State v. Shigemura

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Justia Opinion Summary

After being arrested for operating a vehicle under the influence of an intoxicant (OVUII) Defendant was taken to the police station, where he was read an implied consent form. Defendant elected to take a breath test, which resulted in a breath alcohol content reading above the legal limit. Defendant filed a motion to suppress the breath test results. The district court denied the motion to suppress. Thereafter, Defendant was convicted of OVUII. The Intermediate Court of Appeals affirmed. The Supreme Court vacated the judgments of the lower courts, holding that, in accordance with State v. Won, the result of Defendant’s breath test was the product of a warrantless search, and therefore, Defendant’s OVUII conviction could not be upheld. Remanded.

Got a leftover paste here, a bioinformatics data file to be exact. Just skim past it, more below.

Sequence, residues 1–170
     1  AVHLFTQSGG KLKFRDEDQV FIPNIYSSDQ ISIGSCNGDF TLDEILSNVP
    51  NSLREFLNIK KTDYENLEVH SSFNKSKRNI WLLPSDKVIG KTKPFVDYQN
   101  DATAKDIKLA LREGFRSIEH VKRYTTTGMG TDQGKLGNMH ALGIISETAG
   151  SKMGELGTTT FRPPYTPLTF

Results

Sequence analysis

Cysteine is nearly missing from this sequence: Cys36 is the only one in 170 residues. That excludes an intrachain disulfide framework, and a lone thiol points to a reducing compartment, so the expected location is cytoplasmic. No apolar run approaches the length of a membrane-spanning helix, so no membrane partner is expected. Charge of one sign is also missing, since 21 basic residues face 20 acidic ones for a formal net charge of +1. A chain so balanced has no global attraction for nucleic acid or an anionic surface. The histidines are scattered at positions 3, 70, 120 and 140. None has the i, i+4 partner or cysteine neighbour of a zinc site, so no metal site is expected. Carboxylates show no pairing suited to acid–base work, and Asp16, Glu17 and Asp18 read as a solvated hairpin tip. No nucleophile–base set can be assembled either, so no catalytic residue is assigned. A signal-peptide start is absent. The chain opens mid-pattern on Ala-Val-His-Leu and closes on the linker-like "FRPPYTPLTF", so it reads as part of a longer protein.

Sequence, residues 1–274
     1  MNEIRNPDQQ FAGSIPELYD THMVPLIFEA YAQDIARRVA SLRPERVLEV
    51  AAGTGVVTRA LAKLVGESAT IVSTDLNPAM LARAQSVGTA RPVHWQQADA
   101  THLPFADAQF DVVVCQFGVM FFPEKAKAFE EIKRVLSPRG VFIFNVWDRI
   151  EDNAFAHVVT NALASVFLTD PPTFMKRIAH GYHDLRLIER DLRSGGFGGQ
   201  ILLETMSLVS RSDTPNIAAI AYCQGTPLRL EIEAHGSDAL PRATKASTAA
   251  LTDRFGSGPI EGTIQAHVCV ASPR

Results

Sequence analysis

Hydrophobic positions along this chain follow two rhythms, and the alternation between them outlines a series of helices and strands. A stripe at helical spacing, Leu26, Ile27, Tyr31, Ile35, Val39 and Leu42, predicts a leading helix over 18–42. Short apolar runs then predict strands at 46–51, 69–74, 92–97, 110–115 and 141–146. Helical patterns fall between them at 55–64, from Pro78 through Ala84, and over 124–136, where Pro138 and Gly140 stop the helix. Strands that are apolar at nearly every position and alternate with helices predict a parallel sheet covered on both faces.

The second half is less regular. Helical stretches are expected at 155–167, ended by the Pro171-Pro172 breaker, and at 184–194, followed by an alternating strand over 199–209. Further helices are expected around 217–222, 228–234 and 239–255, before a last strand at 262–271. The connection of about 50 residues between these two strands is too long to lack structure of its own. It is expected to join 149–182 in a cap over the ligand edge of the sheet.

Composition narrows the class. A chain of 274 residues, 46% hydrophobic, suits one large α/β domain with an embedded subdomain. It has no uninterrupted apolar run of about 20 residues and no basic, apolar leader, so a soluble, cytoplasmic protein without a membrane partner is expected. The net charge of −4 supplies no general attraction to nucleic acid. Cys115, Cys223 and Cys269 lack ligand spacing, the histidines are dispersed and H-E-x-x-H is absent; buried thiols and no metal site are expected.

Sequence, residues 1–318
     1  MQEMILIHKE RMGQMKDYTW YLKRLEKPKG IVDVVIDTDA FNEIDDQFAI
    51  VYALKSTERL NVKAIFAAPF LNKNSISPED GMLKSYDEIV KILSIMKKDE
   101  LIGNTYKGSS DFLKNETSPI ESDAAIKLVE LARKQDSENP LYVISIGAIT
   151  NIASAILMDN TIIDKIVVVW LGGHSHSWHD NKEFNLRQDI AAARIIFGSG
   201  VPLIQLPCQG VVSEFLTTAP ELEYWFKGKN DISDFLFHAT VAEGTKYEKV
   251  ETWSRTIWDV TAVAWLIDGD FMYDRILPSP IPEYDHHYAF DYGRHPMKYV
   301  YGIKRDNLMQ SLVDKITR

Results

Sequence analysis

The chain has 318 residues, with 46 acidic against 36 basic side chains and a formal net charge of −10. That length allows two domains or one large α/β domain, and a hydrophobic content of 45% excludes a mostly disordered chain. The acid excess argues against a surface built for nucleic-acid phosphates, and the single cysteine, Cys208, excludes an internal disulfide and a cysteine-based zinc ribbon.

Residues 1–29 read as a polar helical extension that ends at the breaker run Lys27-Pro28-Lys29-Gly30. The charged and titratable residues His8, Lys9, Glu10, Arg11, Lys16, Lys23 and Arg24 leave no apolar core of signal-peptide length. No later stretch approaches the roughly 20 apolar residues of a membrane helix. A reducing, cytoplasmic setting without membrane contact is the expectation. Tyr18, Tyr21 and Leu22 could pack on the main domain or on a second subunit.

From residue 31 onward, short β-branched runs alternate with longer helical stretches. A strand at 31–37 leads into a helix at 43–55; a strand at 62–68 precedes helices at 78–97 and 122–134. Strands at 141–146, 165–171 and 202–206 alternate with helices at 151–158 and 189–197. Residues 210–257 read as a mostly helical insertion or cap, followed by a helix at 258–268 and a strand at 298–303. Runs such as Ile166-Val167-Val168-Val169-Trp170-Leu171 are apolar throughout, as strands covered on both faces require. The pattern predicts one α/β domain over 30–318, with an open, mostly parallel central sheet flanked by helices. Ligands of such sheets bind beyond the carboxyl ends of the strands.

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***NOT FOR PUBLICATION IN WEST’S HAWAI I REPORTS AND PACIFIC REPORTER*** Electronically Filed Supreme Court SCWC-12-0000902 04-MAR-2016 08:17 AM SCWC-12-0000902 IN THE SUPREME COURT OF THE STATE OF HAWAI#I STATE OF HAWAI#I, Respondent/Plaintiff-Appellee, vs. DERRICK Y. SHIGEMURA, Petitioner/Defendant-Appellant. CERTIORARI TO THE INTERMEDIATE COURT OF APPEALS (CAAP-12-0000902; CASE NO. 1DTA-11-05369) SUMMARY DISPOSITION ORDER (By: McKenna, Pollack, and Wilson, JJ., with Wilson, J., concurring separately, and Nakayama, J., dissenting, with whom Recktenwald, C.J., joins) Petitioner/Defendant-Appellant Derrick Y. Shigemura seeks review of the Intermediate Court of Appeals’ (ICA) July 16, 2014 Judgment on Appeal, entered pursuant to its May 28, 2014 Summary Disposition Order, which affirmed the District Court of the First Circuit’s (district court) October 2, 2012 Notice of Entry of Judgment and/or Order and Plea/Judgment ***NOT FOR PUBLICATION IN WEST’S HAWAI I REPORTS AND PACIFIC REPORTER*** (district court judgment).1 The district court found Shigemura guilty of Operating a Vehicle Under the Influence of an Intoxicant (OVUII), in violation of Hawai#i Revised Statutes (HRS) § 291E-61(a)(3) (Supp. 2010).2 This court accepted Shigemura’s Application for Writ of Certiorari, and we now vacate the ICA’s Judgment on Appeal and the district court judgment and remand the case to the district court for further proceedings. After being arrested for OVUII, Shigemura was taken to the police station, where he was read an implied consent form.3 1 The Honorable Clarence A. Pacarro presided. 2 HRS § 291E-61(a)(3) (Supp. 2010) provides in relevant part: (a) A person commits the offense of operating a vehicle under the influence of an intoxicant if the person operates or assumes actual physical control of a vehicle: . . . (3) With .08 or more grams of alcohol per two hundred ten liters of breath. . . . 3 The form read in relevant part: 1. ___ Any person who operates a vehicle upon a public way, street, road, or highway or on or in the waters of the State shall be deemed to have given consent to a test or tests for the purpose of determining alcohol concentration or drug content of the persons [sic] breath, blood or urine as applicable. 2. ___ You are not entitled to an attorney before you submit to any tests [sic] or tests to determine your alcohol and/or drug content. 3. ___ You may refuse to submit to a breath or blood test, or both for the purpose of determining alcohol concentration and/or blood or urine test, or both for the purpose of determining drug content, none shall be given [sic], except as provided in section 291E-21. However, if you refuse to submit 2 ***NOT FOR PUBLICATION IN WEST’S HAWAI I REPORTS AND PACIFIC REPORTER*** Shigemura elected to take a breath test, which resulted in a breath alcohol content reading of 0.105 grams of alcohol per 210 liters of breath. In his motion to suppress the breath test results before the district court and on certiorari, Shigemura contends that (1) his Miranda rights under Article I, Section 10 of the Hawai i Constitution were violated when, while in custody, he was asked by the police, without Miranda warnings, if he wanted to refuse to take a blood alcohol test, which was likely to incriminate himself; (2) his statutory right to an attorney was violated; and (3) the wording of the implied consent form misinformed Shigemura of the sanctions.4 Shigemura also noted in his Application that this court had accepted certiorari in State v. Won, SCWC-12-858, and he contended that the court’s ruling in Won would “ultimately decide what happens in the present case.” In State v. Won, 136 Hawai i 292, 312, 361 P.3d 1195, 1215 (2015), we held that “coercion engendered by the Implied Consent Form runs afoul of the constitutional mandate that waiver of a constitutional right may only be the result of a to a breath, blood, or urine test, you shall be subject to up to thirty days imprisonment and/or fine up to $1,000 or the sanctions of 291E-65, if applicable. In addition, you shall also be subject to the procedures and sanctions under chapter 291E, part III. 4 Included in this third argument raised before the district court, Shigemura contended that the police officers’ warnings and advisements based on the implied consent form were coercive and that he did not knowingly and voluntarily submit to the breath alcohol testing. The district court denied his motion to suppress, and the ICA affirmed the district court’s ruling. 3 ***NOT FOR PUBLICATION IN WEST’S HAWAI I REPORTS AND PACIFIC REPORTER*** free and unconstrained choice,” and, thus, a defendant’s decision to submit to testing after being read the implied consent form “is invalid as a waiver of his right not to be searched.” In accordance with State v. Won, the result of Shigemura’s breath test was the product of a warrantless search, and the ICA erred by concluding that the district court properly denied Shigemura’s motion to suppress the breath test result. Accordingly, Shigemura’s OVUII conviction cannot be upheld. IT IS HEREBY ORDERED that the ICA’s July 16, 2014 Judgment on Appeal and the district court judgment are vacated, and the case is remanded to the district court for further proceedings consistent with this court’s opinion in State v. Won. DATED: Jonathan Burge for petitioner Honolulu, Hawai#i, March 4, 2016. /s/ Sabrina S. McKenna /s/ Richard W. Pollack Brian R. Vincent for respondent /s/ Michael D. Wilson 4